Globe-Gazette from Mason City, Iowa on March 24, 1936 · Page 16
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Globe-Gazette from Mason City, Iowa · Page 16

Mason City, Iowa
Issue Date:
Tuesday, March 24, 1936
Page 16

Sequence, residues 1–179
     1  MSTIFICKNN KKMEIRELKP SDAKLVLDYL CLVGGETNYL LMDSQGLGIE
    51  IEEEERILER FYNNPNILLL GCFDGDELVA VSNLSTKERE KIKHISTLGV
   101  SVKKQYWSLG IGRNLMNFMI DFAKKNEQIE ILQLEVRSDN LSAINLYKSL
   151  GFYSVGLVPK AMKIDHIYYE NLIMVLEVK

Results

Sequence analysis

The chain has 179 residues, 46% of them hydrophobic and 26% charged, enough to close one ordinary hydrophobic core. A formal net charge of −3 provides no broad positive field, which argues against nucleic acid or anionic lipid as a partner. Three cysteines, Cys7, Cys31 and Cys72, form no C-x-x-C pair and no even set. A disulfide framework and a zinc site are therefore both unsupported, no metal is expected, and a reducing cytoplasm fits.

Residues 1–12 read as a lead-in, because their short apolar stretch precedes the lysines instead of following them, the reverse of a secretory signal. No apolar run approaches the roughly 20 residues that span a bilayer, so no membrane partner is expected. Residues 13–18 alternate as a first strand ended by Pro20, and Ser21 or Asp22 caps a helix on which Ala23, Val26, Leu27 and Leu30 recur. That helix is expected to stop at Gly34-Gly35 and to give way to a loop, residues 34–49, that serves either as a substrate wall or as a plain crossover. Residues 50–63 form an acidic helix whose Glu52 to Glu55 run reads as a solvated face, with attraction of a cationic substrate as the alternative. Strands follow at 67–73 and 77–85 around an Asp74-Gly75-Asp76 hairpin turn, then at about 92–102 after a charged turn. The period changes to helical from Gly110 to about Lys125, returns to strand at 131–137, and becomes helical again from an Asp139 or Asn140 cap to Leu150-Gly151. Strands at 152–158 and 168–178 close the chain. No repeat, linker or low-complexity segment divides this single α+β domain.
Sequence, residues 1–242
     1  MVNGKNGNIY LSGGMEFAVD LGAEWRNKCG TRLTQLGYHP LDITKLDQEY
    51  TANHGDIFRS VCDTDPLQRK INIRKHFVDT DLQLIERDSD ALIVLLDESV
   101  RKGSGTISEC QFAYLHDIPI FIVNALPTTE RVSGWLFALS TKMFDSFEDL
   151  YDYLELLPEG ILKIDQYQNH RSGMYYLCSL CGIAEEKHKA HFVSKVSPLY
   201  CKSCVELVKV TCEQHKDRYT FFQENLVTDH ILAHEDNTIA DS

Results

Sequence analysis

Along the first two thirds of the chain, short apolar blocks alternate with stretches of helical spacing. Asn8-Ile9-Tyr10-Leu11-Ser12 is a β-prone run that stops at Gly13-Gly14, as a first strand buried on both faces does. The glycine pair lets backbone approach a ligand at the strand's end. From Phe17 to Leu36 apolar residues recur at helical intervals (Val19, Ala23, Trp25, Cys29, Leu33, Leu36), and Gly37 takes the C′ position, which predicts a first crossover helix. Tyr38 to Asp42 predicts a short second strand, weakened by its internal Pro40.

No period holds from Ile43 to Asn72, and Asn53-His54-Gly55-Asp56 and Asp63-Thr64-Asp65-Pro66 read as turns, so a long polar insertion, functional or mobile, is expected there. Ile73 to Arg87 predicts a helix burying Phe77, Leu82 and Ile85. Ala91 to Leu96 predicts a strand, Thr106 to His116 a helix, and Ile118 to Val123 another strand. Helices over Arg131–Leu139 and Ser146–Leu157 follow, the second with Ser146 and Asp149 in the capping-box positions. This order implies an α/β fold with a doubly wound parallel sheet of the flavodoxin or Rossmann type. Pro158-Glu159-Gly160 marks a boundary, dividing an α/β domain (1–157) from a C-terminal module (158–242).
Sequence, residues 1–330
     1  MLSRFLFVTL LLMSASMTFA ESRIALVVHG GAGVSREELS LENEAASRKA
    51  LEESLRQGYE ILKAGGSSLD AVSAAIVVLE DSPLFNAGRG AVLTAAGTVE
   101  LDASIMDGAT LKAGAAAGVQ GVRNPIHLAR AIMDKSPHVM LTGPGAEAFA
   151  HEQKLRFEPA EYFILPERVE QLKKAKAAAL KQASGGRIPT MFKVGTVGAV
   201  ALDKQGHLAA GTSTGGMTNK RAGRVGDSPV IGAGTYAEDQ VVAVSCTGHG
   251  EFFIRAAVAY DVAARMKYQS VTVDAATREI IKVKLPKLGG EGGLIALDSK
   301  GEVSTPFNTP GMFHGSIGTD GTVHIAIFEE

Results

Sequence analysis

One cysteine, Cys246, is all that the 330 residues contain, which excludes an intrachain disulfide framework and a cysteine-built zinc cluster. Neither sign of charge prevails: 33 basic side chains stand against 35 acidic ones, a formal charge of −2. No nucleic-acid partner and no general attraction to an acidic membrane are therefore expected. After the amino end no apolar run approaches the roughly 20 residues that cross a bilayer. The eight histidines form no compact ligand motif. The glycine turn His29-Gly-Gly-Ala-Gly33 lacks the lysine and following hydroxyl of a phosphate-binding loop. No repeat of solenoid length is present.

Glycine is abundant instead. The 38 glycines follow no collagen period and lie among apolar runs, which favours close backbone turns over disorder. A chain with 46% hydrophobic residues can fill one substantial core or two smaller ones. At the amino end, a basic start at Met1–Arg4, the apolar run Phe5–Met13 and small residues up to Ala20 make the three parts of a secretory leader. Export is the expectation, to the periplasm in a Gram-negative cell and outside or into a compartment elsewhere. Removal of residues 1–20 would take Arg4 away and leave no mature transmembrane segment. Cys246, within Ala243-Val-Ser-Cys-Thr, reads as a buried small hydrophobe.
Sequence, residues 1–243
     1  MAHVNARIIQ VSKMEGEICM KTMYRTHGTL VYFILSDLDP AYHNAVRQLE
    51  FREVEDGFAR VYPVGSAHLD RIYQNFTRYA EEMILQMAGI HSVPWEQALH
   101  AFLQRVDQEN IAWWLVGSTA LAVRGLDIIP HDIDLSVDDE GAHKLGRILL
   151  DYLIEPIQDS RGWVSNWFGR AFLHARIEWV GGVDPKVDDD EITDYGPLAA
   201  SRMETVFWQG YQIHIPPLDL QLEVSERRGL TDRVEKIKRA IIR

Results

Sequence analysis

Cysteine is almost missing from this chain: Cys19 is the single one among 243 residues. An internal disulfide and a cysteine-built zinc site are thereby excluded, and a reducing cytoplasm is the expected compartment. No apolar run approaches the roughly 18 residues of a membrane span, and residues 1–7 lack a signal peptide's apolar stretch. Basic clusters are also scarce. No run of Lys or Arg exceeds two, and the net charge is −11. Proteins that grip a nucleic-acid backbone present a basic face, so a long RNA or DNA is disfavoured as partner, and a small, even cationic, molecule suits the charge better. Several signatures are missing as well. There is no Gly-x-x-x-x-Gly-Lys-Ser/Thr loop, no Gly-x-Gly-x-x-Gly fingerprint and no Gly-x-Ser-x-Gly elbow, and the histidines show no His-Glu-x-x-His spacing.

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SIXTEEN MASON CITY GLOBE-GAZETTE, MARCH 24 1936 fi I cl 50 ; Hardm County Veterans ·; Will Meet in Iowa Fall IOWA FALLS--Paul Hyman pos of the American Legion will be hos Tuesday evening to all the posts i Hardin county. The meeting will b held in Legion hall here and Jame I. Dolliver, Fort Dodge, will be th ' guest speaker. He is vice common der for the state. CONSTIPATION DON'T LET IT S H A C K L E Y O U Like a heavy, dragging ball and chain, constipation shackles ambition. Makes you less efficient at work and less happy at play. Now a remarkable «eto discovery offers a quicker, harmless- -relief. A delicious food 1 product-from a modem laboratory.- -Merely eat it regularly with your meals and get all its amazing b e n e f i t s . Honey JKrushed Wheat Bread is endorsed- · by doctors and dietitians. Whole wheat blended with purest honey and other natural Ingredients that stimulates the intestines and helps bowel regularity. Eat regularly with meals for 10 days. You'll feel like a new person. Be sure to get the genuine Honey Erushed Wheat Bread. Seal of Approval The first and only independently distributed bread ever awarded this distinction. BAKED BY DIAMOND BREAD BAKERS CHARTER SOUGHT FOR S, II. I. POST 18 Iowa Students Organize Body of Veterans of Future Wars. IOWA CITY, /[)--Eighteen students, who organized a University of Iowa Veterans of Future Wars post here Monday night, asked a charter in the national organization Tuesday. Their request was sent to na- iional headquarters of V. F. W. at Princeton university. In organizing the post, the students proposed a "youth's social adjustment pension" in lieu of "an immediate payment of a cash bonus" to V. F. W. members by the government. A resolution stated: "We urge payment of $200 a month, after the manner of the Townsend plan, to men and women between the ages of 20 and 40 io allow them to have fun while they can enjoy it, or before they et killed in a future vrar. "We feel V. F. W. members are entitled to legislative preference Decause of their future service in future wars." Post officers are: Allan Cunningham of Caruthers- ille, Mo., commander; William Cameron of Iowa City, treasurer; and- Gerald Boyd of Fort Worth, Texas, secretary. River Overflows Bank at Decorah; Property Damage Is Kept Low DECORAH--The Oneota river overflowed its banks Monday an flooded much of the lowlands, but very little property damage has resulted so far. The only road that is impassable is at the Freeport bridge where water six feet deep flows across the roadway. Dry Run creek which floods a large part of South Decorah, carries very little water. The heavy rainfall at Bluffton anc Burr Oak was responsible for the large volume of water carried by the Oneota. IT TAKES quality to stay at the top year after year. For 30 years Kellogg's Corn Flakes have been champions. Today they outsell all other ready-to- eat cereals hy millions of packages because they give most in value. Made and guaranteed ty Kellogg in Battle Creek. Nothing takes fbe place of CORN HAKES PREMIUMS NOT SUBJECT TO TAX Des Moines Judge Enjoins State From Collecting on Annuities. DES MOINES. /P) -- District Judge Russell Jordan has ruled that premiums on annuity policies art. not subject to the 2V4 per cent Iowa insurance tax and enjoined the state from collecting the tax. The decision was given in a test suit brought by the Northwestern Mutual Life Insurance company, against Insurance Commissioner Ray Murphy, State Treasurer Leo J. Wegman'and State Comptroller C. B. Murtagh. Judge Jordan also instructed the state to give the insurance company credit for $5,235.07 in annuity premium taxes paid by the company under protest during 1934. Since the decision prevents the state from collecting approximately a quarter million dollars in revenue, state's attorneys indicated the case would be carried to the Iowa supreme court. Judge Jordan said in his opinion that five courts in the United States have held that annuity premiums are not taxable as insurance. Candidates Obtain Nomination Papers DES MOINES, OP)--State Senator Carl Aschenbrenner (D.) of Pella Tuesday obtained papers to seek renomination and four candidates for the Iowa house of representatives were issued nomination papers by the secretary of state here. They were A. M. Bumside (R.) of Boone, Eugene H. Reilly (D.) of Dubuque, W. J. Johannes (D.) of Ashton and Jesse Huddle of Wapello. POLICY "BORROW, BOOM AND BUST" Dickinson Declares Common Sense Abandoned by New Deal. CLEVELAND, (/PI--Senator Dickinson of Iowa, an avowed candidate for the republican presidential nomination, said Tueortay the new deaJ had abandoned common sense and thrift for a policy of "borrow, boom and bust." "I propose as a substitute a program which may not be nearly so exciting, but should at least guarantee safe arrival at port." he asserted. "Expressed simply, it is that we quit borrowing and spending and spending and settle clown while we settle up the nation's obligations." Failed to Learn. Addressing a chamber of commerce luncheon, Dickinson said the administration had failed to learn any lessons from the supreme court rulings against NKA and AAA as demonstrated by President Roosevelt's proposed new tax program. "Its approach to the problem is political rather than economic. It aims to force distribution of what the president calls 'idle capital'; but what it really does is to lay the greedy hands of the tax-gathered upon reserves put by for a 'rainy day.' x x x It is in effect, no matter how disguised, nothing less than a capital levy. Yet this revolutionary and far-reaching readjustment of a basic factor in our business economy is proposed without the slightest apparent realization of its ultimate effects. Serious Hardships. "It imposes serious hardships upon the small business man, who must finance expansion of plant or sales activities, not by borrowing, but out of his earnings. It thus restricts new enterprise and curtails employment, at the very time the president is calling upon industry to accept fresh responsibilities. "It harms labor by destroying the cushion which maintains wage levels during the unprosperous years. It increases rather than diminishes the wide swings of the business cycle." »10 FOR YOUR OLD STOVE ON THE PURCHASE OF A NEW UNIVERSAL America's Most Beautiful Range NOW PRICED AS LOW AS 59 .50 and your old stove The beautiful Universal Ranges have every new and advanced feature, making possible a standard of cooking performance heretofore unknown! Universal gives you Simmer-SaVB'Burner, In-A-Drawer Broiler, Savory Smokeless Broiler Grid, Porcelain "Thriftop," Self-Lighting Top Burners, Heavily Insulated Oven, Automatic Oven Heat Control, Porcelain Lined Oven 20 inches Deep, Two Balanced Lift-Up Cover Tops, Reinforced Quality Construction. At this sensationally low sale price the buy! Universal is Only n -- 3 Years to Pay ON F. H. A. PLAN Broiling Demonstration Tuesday and Wednesday Mr. Cor row from the Universal factory will be in our store Tuesday and Wednesday to demonstrate the proper methods of broiling. Everyone is invited to watch and question Mr. Carrow. Flickmger Speaks to Luther College Club DECORAH--Prof., Roy C. Flick- nger of the classics department of the University of Iowa addressed .he Luther college classical club Friday afternoon on "Celebrating Vith Horace." Professor Fliekinger, videly known in his field for his w uccessful efforts to popularize the worldwide celebration held this year of the bi-millenium of the birth of Horace, famed Latin poet, was one of the leaders of the pilgrimage last summer to the surroundings where Horace spent his lifetime. Prof. Flickinger also addressed the Symra society of Decorah, speaking on "Conditions in the East." He was introduced to both groups by Dr. 0. W. Qualley, head of the Lutherm college classical department. Report 3 7 Red Cross Chapters in Iowa Are Over Flood Aid Quota ST. LOUIS, Mo.. /TV-Thirty- sevcn Iowa chapters of the American Red Cross have reached or over subscribed their quota of flood relief funds. Midwestern headquarters here announced they were: Hampton, Fort Madison, Fairfield, Washington, West Liberty, Jefferson, Traer, Tipton, Harlan, Saint Charles. Williamsburg, Shenandoah, Monticello, Leon, Decorah, Audubon, Red Oak, Webster City, Britt, Ogden. Le Mars, Primghar, Sigourney, Garner, Cresco. Iowa City, Tripoli, Miiscatine, Eagle Grove, Clarion, Maquoketa and Oelwein. Returns From T\vin Cities. GLENVILLE, Minn. -- McKinley Freengo returned home after spending the week-end in the Twin Cities. Water can'f harm your E R I A L W A L L P A P E R S Their colors will not run or Streak. Even soap and water, or common dry cleaning fluids leave thcirgaTcoIorsundimmed and unsmeared. And sun cannot fade them. Choose from patterns created by a guild of world-famous artisls. Genuine Imperial Washable Wallpapers carry a silver label for your pro- lection. Come m TODAY and choofc the patterns for your rooms. RALPH S. PAINT and WALLPAPER 16 1st St. S. E. Opp. Chapmans L 'A. BUTTS DIES OF BLOOD CLOT Farmer Arrested at Request of Bride Who Failed to File Charges. DES MOINES, UP--L. A. Butts, 61, Carthage, Mo., fruit farmer arrested here last week at the request of his bride, a Des Moines beauty parlor oprator, died in Iowa Methodist hospital Tuesday. Dr. Robert L. Parker, the attending physician, said dc-a'h was caused by a blood clot. Police took Butts to the hospital Saturday after an hotel maid found him in his room bleeding from a wrist wound which Dr. Parker and officers said was a "fresh cut." Released From Jail. The fruit farmer was released from jail the night before when the bride, Mrs. Mabel Seymour Butts, failed to file insanity charges against him as she promised to do Thursday when she asked his arrest, claiming he came to her home here and threatened to kill her. Butts and Mrs. Seymour, who police said appeared to be about 40 years old. were married at Gulfport, Mo., while traveling through the east and south. She told police licrtenant Fl.oycl Hartzer she left her newly acquired husband when he tried to kill himself at St. Louis, Mo. Accidentally Inflicted. The fruit farmer told officers the wound on his wrist was accidentally inflicted and that his bride loft him after she discovered he had writt?n his first wife's si?Ur, trilling her he would leave all his property to her. The first Mrs. Butts died last December. .He said he had known the second Mrs. Butts for 20 years and that he had spent ?1,200 on her during the last three months. When released from jail, he told officers he would go back to Carthage, but declared, "I still love my wife." Later he told reporters that he hated to "go back and face things at Carthago." Since causing Butts' arrest, his bride has remained in seclus'.on. Hillman of Rockford Is Soil Conservation Group Head in Floyd CHARLES"CITY--The temporary committee has been appointed to present the new farm program to Floyd county farmers and to supervise the election of permanent township committees under the soil conversation and domestic allotment act. The five members of the committee are Jay Hillman of Rockford, Martin E. Sar of Charles City, Otto Brandau of Rudd, Earl Winter- ink. Charles City, and County Agent W. H. Brown. Mr. Hillman, chairman of the county corn hog committee, was named chairman of the temporary committee in accordance* with in- structibns of the AAA forwarded to the county by R. M. Evans, chairman of the state corn hog committee and Director R. K. Bliss of the Iowa State college extension service. This committee will serve only until the permanent county committee is elected. The committee will attend the state meeting at Ames, March 27 and 28 to receive instructions for proceeding with the new program. Members of the committee will condoct township educational meetings during the week of March 30. CO-OPERATE ON LEARNING LAW Blind Overton and Armless Kasprzyk Able to Help Each Other. CHICAGO, · (/D--Blind Thomas Howard Overton, 31, and armless Stanley A. Kasprzyk, 32,'are headed for a career in law on a co-operative basis. How they pooled their physical resources was disclosed when Overton, announced by the CMcago- Kcnt college of law as the high ranking scholar in the freshman class of 175, insisted that Kasprzyk deserved some of the credit. Kasprzyk. he said, was his "eyes"--and he was Kasprzyk's "arms." Meet by Chance. They met by chance their first day in school when the armless student guided his blind classmate down a,flight of steps. When they reached' the door at the bottom Kasprzyk couldn't turn the 'knob to open it. But Overton could. Overton could carry books, but not read them. Kasprzyk could read, but not carry books. The logical association developed by mutual consent, Overton related. "I take notes in class with a punch on a Braille form board," he said. "Out of class Stanley reads to me · and I transcribe my notes on a typewriter for him. For each of us it is just a matter of working harder to overcome a physical handicap." Calls on Brother. When written examinations are required, Kasprzyk is forced to call upon one of his brothers to write for him. Otherwise the two handi- Miller Accepts Call to Eagle Grove Church EAGLE GROVE--The Rev. L. A. Miller of Independence, who has occupied the pulpit of the Baptist church for two Sundays past, has been given a unanimous call to the pastorate of the Eagle Grove church and has accepted. H e will begin his work here and preach his first sermon Sunday. April 19. His family consists of his wife and a married son, who lives elsewhere. Kalen Is Chosen Head of Rudd Farmers' Exchange RUDD--The annual election of officers for the Farmer's Exchange company was held at the hall Saturday afternoon. Officers for the coming year arc president, Michael A. Kalen; vice president, Andrew Marth; secretary. Otto G. Brandau: treasurer, Walter Jackson; directors, Frank Wagner. Ed Maakstead, j Andrew Marth, Gus Olson, Walter Jackson, Ed Brandau and Ed Downs. DIPS of Mishap Injuries. INDEPENDENCE, (.-Pi--Knocked by a falling limb from the top of a tree he was trimming. F. W. Fenner. 61, suffered injuries from I which he died in the hospital here, i capped students are "co-sufficient," they agreed. Overton, whose home is at Swanwick, III., lost his sight when he was 20. Two accidents deprived Kasprzyk, a Chicagoan. of his arms. He lost one under a train in a railroad yard when he was 14 and the other four years ago in an automobile accident. Sirs. Tierney Seeks Nomination. GARNER--Mrs. J. E. Tierney, wife of the late editor, J. E. Tierney. ·took out nomination papers Monday for the republican nomination for Hancock county recorder Mrs. Fern Peck Katter, incumbent, will not be a candidate for re-nomination. Jack Oakie Marries Former Follies Girl YUMA, Ariz.. UP)--Jack Oakie, film comedian, married Venita Varden aboard a Southern Pacific train during a 15 minute stop here Sun- clay night. E. A. Freeman, Yuma's "marrying justice of the peace," officiated at the ceremony in Oakie's compartment while several hundred persons cheered from the station platform. . · After a brief honeymoon in Miami, Fla., Oakie and his bride, a former Follies beauty, will return to Hollywood. if your old electric wash«r, electric ironer, or electric hand iron is the oldeit offered, in the "OLD TIMER" Discovery Drive. The General Electric Company will pa) $1000.00 for description! of the 25 oldest electrical appliances. RH in the form attached for full particulars. GENERAL | | ELECTRIC HOME LAUNDRY EQUIPMENT General Electric will pay for the description of: The Oldest Appliance $250.00 The Second Oldest Appliance... 125.00 The Third Oldest Appliance 75.00 Fourth to Twenty-fifth Oldest.ea. 25.00 G-E Washer With 2 Laundry Tubs, Only Your Old Washer Taken In Trade $59.50 Gentlemen: 1 would lile to offer descriptions in tho "Old Timer" Dii- covery Drive. Please tend me an official Description Form. Name.' Date Address Town BOOMHOWER HARDWARE 113 NORTH FEDERAL AVE. PHONE 142 Shall you wear a swagger coat, or is a fitted one srtiarter? Shall you be chichi, or shall you be tailored? These and dozens of other important questions find their answers in our brand new collections. Informal Showing of New SPRING FASHIONS Modeled By Prominent Mason City Women Wednesday, Thursday and Friday, 2 to 5 P. M. Any garment, from sixes 13 to 40, modeled by request. 'S I! II 1!